The Ghana Cocoa Board (COCOBOD) consults the Public Procurement Authority (PPA) on all procurement of agrochemicals – fertilisers, insecticides, pesticides and fungicides – whether the agrochemicals will be acquired through open competitive bidding, restricted competitive bidding or sole-sourcing, says the former COCOBOD Deputy Chief Executive in charge of Agronomy and Quality Control from 2017 to 2018, Dr Yaw Adu-Ampomah.
He said this while answering questions under cross-examination from, Mr Samuel Cudjoe, the lawyer for Dr Stephen Kwabena Opuni, at an Accra High Court today, 2 July 2019.
He explained that at different times the management of COCOBOD may choose any of the three procurement options based on a number of considerations. Discussions are then held, or correspondence exchanged with the PPA before their approval is finally sought for the procurement of items.
In some instances, he said, advertisements are placed in the newspapers and at other times due to the peculiar nature of the agrochemicals, no public advertisements are done. ”However, in general terms, you are supposed to do so but sometimes when it is explained to the PPA it could be allowed without placing adverts.”
The considerations that inform the use of one type of procurement method or the other include recommendations from the scientists and experts at the Cocoa Research Institute of Ghana (CRIG); the capacity for various companies to supply the agrochemicals at the right quality, in large enough volumes and in a timely fashion; the impact of the agrochemical in question on the environment; farmer preferences among others.
Dr Adu-Ampomah further asserted that all procurements involving agrochemicals during his first or second time at COCOBOD were done with the advice of PPA. Procurement processes are initiated with discussions and the advice of the PPA. “We would discuss the issues back and forth,” he said, because they have to be convinced of what we are doing. Their approval is critical to our procurement.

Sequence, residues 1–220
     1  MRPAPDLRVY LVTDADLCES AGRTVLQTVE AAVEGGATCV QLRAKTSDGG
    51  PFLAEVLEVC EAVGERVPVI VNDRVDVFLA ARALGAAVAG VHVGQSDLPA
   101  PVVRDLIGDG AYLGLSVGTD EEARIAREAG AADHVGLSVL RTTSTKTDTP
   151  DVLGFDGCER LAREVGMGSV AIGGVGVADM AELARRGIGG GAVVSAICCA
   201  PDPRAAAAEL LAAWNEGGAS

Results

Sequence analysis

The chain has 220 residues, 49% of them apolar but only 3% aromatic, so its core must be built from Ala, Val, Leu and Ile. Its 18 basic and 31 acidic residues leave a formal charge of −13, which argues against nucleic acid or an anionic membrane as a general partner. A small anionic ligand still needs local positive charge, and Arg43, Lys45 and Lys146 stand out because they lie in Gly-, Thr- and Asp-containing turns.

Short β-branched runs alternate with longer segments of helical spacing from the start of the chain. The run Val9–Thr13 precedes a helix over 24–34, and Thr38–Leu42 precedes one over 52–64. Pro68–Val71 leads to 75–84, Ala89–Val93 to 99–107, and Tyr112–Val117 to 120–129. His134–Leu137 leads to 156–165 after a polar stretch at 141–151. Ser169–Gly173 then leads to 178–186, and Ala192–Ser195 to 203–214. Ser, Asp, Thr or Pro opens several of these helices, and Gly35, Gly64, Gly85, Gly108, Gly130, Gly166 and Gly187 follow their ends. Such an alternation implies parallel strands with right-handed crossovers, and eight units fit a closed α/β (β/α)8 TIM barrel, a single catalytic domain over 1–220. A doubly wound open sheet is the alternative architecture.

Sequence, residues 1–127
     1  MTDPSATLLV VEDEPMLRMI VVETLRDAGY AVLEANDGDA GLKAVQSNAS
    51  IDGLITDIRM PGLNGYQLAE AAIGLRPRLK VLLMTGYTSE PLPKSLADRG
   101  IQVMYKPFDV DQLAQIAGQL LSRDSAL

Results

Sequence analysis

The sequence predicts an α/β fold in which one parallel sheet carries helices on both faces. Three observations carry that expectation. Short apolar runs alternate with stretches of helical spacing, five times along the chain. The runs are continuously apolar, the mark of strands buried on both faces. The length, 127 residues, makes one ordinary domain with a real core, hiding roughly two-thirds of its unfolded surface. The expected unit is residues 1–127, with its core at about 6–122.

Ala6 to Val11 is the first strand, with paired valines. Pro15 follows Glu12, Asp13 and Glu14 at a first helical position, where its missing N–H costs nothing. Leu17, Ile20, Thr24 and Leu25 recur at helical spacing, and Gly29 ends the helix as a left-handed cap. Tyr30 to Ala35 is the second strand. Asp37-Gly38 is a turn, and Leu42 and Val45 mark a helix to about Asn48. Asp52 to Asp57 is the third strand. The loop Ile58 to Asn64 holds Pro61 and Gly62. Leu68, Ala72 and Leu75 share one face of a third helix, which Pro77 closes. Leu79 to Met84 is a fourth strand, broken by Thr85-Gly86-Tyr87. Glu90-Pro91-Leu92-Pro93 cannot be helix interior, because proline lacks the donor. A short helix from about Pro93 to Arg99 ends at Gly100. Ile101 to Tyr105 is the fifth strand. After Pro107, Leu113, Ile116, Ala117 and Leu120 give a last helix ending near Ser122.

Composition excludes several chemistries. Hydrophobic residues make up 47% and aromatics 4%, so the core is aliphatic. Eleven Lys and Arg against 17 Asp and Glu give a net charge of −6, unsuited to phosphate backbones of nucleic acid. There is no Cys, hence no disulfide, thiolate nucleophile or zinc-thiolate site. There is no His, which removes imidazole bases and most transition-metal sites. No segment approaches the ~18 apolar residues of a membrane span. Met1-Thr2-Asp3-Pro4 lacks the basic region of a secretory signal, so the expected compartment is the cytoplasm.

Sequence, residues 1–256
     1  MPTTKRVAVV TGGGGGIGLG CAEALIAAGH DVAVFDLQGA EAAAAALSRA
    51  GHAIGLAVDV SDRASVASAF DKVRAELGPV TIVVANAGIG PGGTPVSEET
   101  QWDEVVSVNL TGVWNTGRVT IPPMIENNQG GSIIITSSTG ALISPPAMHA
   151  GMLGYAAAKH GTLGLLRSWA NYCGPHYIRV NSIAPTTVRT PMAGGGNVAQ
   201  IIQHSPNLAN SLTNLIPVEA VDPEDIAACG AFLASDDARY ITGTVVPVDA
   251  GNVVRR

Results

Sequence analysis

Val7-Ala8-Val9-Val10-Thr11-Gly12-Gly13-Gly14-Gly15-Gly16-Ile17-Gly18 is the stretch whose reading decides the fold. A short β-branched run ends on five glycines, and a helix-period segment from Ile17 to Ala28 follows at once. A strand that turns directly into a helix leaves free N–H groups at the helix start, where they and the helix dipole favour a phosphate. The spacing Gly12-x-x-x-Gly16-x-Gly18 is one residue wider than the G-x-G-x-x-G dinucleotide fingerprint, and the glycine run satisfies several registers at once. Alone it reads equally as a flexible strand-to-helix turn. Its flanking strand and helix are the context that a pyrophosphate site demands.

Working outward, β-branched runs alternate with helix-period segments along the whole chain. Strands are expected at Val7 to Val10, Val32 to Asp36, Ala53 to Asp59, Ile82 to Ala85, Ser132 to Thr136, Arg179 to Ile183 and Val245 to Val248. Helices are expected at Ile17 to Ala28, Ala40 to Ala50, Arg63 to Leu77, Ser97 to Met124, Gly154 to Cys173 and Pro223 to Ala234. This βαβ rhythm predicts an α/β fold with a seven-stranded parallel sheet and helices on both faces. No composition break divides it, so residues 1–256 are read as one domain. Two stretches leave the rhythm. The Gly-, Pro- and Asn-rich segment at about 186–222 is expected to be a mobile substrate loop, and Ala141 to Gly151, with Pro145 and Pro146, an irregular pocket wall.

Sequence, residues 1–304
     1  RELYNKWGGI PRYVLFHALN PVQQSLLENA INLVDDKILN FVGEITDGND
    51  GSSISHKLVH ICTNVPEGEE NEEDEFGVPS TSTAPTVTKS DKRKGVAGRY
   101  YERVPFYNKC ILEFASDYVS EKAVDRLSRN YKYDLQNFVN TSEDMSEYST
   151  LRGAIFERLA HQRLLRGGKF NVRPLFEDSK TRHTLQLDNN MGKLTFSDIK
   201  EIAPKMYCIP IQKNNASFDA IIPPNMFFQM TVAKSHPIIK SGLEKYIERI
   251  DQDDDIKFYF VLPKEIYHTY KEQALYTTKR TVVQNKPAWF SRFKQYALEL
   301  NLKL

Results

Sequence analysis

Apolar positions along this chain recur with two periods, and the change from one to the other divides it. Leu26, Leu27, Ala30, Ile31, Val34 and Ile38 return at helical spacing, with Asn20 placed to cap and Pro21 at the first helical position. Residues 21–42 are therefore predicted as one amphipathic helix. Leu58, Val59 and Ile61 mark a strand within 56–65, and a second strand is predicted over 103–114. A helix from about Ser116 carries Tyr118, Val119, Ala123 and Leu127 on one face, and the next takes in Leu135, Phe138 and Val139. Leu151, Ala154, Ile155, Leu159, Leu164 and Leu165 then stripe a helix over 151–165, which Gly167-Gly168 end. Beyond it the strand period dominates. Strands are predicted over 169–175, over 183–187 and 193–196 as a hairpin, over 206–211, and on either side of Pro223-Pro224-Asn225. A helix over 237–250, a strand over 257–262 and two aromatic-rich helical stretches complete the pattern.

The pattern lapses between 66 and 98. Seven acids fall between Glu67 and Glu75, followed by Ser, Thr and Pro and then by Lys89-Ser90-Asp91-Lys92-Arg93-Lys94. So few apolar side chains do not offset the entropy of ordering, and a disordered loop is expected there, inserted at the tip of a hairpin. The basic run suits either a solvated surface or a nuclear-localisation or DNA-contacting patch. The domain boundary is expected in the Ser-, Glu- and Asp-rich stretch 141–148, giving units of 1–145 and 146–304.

Dr Adu-Ampomah is the third witness for the state in the case against Dr Stephen Kwabena Opuni, a former Chief Executive COCOBOD and Mr Seidu Agongo, the CEO of Agricult Ghana Limited. His statements were all in response to questions posed by Mr Samuel Cudjoe, who has been focused on the procurement practices at COCOBOD; with an apparent aim to prove that the company routinely engages in sole-sourcing for all procurements.
Dr Adu-Ampomah in all his responses has insisted on the opposite. Which is to say that, COCOBOD does not engage in sole-sourcing as its default procurement option. All options are depending on the prevailing circumstance.
Dr Stephen Kwabena Opuni and Mr Seidu Agongo are alleged to have engaged in acts that incurred a financial loss of GH¢271.3m to the state, in a series of fertiliser deals. The charges brought against them by the Attorney General also include defrauding by false pretences, money laundering, corruption by a public officer and acting in contravention of the Public Procurement Act.